Hospitals have significantly reduced the amount of mercury found in facilities and are demonstrating a clear preference for safer alternatives, according to a recent national survey by the American Hospital Association (AHA) and Hospitals for a Healthy Environment (H2E).
According to the survey, 97 percent of hospital respondents across the country were aware of the problem with mercury and had taken steps to address the issue, including labeling mercury-containing devices and phasing out their purchase in favor of safer, equally effective alternatives; 80 percent of respondents had completely eliminated the use of mercury fever thermometers; 73 percent had removed all mercury sphygmomanometers from their facilities, more than 81% currently purchase mercury-free cleaning chemicals, and 64% purchase mercury-free pharmaceuticals; 60 percent of respondents had implemented a mercury management policy, and more than 54% had established a policy to virtually eliminate mercury facility-wide.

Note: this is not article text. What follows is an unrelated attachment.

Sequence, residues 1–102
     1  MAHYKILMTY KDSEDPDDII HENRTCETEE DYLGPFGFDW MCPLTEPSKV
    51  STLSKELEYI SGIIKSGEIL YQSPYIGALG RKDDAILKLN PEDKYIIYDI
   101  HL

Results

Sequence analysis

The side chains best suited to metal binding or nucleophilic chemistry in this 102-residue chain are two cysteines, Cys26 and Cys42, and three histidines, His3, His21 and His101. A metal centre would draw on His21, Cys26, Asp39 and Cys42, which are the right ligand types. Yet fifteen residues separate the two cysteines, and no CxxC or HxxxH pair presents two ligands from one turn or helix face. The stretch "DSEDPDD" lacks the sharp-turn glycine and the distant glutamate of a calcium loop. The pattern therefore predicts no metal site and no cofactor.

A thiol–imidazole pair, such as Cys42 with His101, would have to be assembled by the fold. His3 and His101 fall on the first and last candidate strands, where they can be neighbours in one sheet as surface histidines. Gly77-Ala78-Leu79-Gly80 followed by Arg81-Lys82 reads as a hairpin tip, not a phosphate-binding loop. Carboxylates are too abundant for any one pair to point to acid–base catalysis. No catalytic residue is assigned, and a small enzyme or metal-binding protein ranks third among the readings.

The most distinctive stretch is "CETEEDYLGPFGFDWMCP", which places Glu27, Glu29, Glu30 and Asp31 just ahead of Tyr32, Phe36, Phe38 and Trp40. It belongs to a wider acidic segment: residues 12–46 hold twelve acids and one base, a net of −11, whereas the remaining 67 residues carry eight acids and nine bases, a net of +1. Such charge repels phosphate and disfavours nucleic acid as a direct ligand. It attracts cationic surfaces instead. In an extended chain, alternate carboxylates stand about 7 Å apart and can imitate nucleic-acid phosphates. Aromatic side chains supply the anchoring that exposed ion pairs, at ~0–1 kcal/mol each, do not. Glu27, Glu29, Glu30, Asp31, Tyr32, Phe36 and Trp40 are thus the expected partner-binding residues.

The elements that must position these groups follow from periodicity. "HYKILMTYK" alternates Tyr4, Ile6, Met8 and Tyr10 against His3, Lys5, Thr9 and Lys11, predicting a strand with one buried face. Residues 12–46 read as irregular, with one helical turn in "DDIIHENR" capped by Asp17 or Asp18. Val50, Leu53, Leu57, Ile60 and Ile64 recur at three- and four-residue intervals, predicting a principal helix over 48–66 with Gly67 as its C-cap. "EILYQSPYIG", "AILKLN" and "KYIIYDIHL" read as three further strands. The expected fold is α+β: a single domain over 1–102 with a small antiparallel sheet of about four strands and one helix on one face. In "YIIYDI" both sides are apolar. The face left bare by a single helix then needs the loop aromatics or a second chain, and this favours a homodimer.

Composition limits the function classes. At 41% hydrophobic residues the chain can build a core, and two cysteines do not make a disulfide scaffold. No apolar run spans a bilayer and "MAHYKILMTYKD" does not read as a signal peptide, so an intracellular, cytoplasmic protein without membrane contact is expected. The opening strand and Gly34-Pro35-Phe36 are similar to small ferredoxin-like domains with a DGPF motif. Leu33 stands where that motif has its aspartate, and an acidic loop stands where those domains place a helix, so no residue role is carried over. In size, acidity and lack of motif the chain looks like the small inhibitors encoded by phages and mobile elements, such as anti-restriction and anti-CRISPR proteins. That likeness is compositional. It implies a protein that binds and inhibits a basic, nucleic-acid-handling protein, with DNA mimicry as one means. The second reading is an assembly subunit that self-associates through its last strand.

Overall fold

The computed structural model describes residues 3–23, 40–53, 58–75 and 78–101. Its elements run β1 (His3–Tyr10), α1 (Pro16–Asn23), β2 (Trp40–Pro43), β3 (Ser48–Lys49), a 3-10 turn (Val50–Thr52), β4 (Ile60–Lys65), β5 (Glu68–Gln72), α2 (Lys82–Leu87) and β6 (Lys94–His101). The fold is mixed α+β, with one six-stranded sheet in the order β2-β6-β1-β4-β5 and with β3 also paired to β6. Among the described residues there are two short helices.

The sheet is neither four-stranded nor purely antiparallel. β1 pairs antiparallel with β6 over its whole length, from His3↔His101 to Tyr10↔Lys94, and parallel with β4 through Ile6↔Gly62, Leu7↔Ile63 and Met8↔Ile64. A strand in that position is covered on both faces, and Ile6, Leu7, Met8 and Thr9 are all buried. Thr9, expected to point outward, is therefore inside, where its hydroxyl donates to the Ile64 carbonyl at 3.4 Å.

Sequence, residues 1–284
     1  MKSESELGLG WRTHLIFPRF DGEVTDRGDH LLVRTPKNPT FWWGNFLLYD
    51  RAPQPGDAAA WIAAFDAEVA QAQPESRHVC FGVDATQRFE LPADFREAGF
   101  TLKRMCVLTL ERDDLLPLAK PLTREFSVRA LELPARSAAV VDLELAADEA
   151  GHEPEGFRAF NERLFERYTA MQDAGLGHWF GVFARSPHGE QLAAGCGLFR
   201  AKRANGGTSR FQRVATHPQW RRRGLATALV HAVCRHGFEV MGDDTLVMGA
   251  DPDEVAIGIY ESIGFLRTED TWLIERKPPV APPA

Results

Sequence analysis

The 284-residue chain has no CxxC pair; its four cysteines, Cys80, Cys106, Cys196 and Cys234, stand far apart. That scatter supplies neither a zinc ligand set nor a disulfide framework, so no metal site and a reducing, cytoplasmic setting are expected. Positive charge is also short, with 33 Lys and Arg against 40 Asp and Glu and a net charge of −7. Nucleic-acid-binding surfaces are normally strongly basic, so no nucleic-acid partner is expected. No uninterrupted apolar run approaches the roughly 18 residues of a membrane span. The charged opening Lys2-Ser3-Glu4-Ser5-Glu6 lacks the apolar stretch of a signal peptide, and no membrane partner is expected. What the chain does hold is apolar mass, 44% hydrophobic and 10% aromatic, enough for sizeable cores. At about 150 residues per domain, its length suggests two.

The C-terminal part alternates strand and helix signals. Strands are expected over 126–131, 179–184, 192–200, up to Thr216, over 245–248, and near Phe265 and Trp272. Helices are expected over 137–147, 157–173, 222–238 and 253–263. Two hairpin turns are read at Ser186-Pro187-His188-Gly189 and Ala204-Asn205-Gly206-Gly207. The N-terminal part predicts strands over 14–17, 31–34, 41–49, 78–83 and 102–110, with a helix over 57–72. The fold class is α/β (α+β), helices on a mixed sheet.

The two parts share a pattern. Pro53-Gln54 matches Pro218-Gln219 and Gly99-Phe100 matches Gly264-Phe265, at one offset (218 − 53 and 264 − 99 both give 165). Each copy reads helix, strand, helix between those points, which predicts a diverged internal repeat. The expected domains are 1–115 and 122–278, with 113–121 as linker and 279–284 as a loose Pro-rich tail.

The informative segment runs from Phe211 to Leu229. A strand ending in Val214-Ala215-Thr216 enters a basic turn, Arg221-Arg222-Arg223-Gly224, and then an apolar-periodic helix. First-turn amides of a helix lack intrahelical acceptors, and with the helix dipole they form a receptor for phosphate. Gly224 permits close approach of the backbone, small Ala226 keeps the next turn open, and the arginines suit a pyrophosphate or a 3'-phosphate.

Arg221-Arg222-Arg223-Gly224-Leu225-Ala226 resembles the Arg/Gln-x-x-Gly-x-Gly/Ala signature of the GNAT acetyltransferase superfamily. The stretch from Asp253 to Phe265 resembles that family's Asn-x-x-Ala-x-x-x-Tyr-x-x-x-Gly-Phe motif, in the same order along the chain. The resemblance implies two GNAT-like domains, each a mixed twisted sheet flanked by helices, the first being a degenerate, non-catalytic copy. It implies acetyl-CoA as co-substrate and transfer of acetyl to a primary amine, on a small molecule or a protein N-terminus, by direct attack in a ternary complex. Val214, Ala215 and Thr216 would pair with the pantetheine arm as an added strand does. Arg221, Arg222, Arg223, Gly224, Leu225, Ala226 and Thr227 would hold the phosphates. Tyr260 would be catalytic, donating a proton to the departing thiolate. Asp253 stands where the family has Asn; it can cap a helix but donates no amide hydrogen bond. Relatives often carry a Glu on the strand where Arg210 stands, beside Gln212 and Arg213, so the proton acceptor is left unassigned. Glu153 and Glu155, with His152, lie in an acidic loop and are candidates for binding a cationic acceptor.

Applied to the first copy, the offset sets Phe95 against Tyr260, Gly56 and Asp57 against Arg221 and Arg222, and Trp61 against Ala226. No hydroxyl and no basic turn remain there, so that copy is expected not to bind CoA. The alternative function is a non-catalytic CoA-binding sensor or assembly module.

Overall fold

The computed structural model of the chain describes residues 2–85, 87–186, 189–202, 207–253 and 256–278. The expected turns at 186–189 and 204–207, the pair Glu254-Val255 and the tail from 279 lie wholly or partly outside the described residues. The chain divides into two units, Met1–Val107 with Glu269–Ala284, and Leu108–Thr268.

"More than 1,000 hospitals across the U.S. have pledged to virtually eliminate mercury medical devices. More than 90% of pharmacy chains have stopped selling mercury fever thermometers. Three of the five largest health care group purchasing organizations now have mercury-free purchasing policies. This survey reveals a deep shift in the culture of the industry," said Laura Brannen, executive director of Hospitals for a Healthy Environment.
"Hospitals have recognized that they shouldn’t be contributing to the serious public health threat caused by mercury pollution. We now have the opportunity to build on the tremendous work that’s been accomplished to finish eliminating mercury from the delivery of health care, making it safer and healthier for all of us."
Mercury is a persistent toxic chemical that builds up in the environment and our bodies. Exposure can affect the brain, spinal cord, kidneys and liver. Currently 48 states have fishing advisories due to dangerous levels of mercury pollution.
According to the Centers for Disease Control, 1 in 8 women in the U.S. has a blood mercury level high enough to impact fetal development. The recent survey is part of H2E’s commitment to assessing the impact of its mercury elimination efforts in the sector.
In the last seven years, more than 86 hospitals have received the H2E "Making Medicine Mercury Free" Award for their mercury elimination efforts, and more than 1,000 have pledged to go virtually mercury-free with H2E’s assistance.
For more, visit www.h2e-online.org.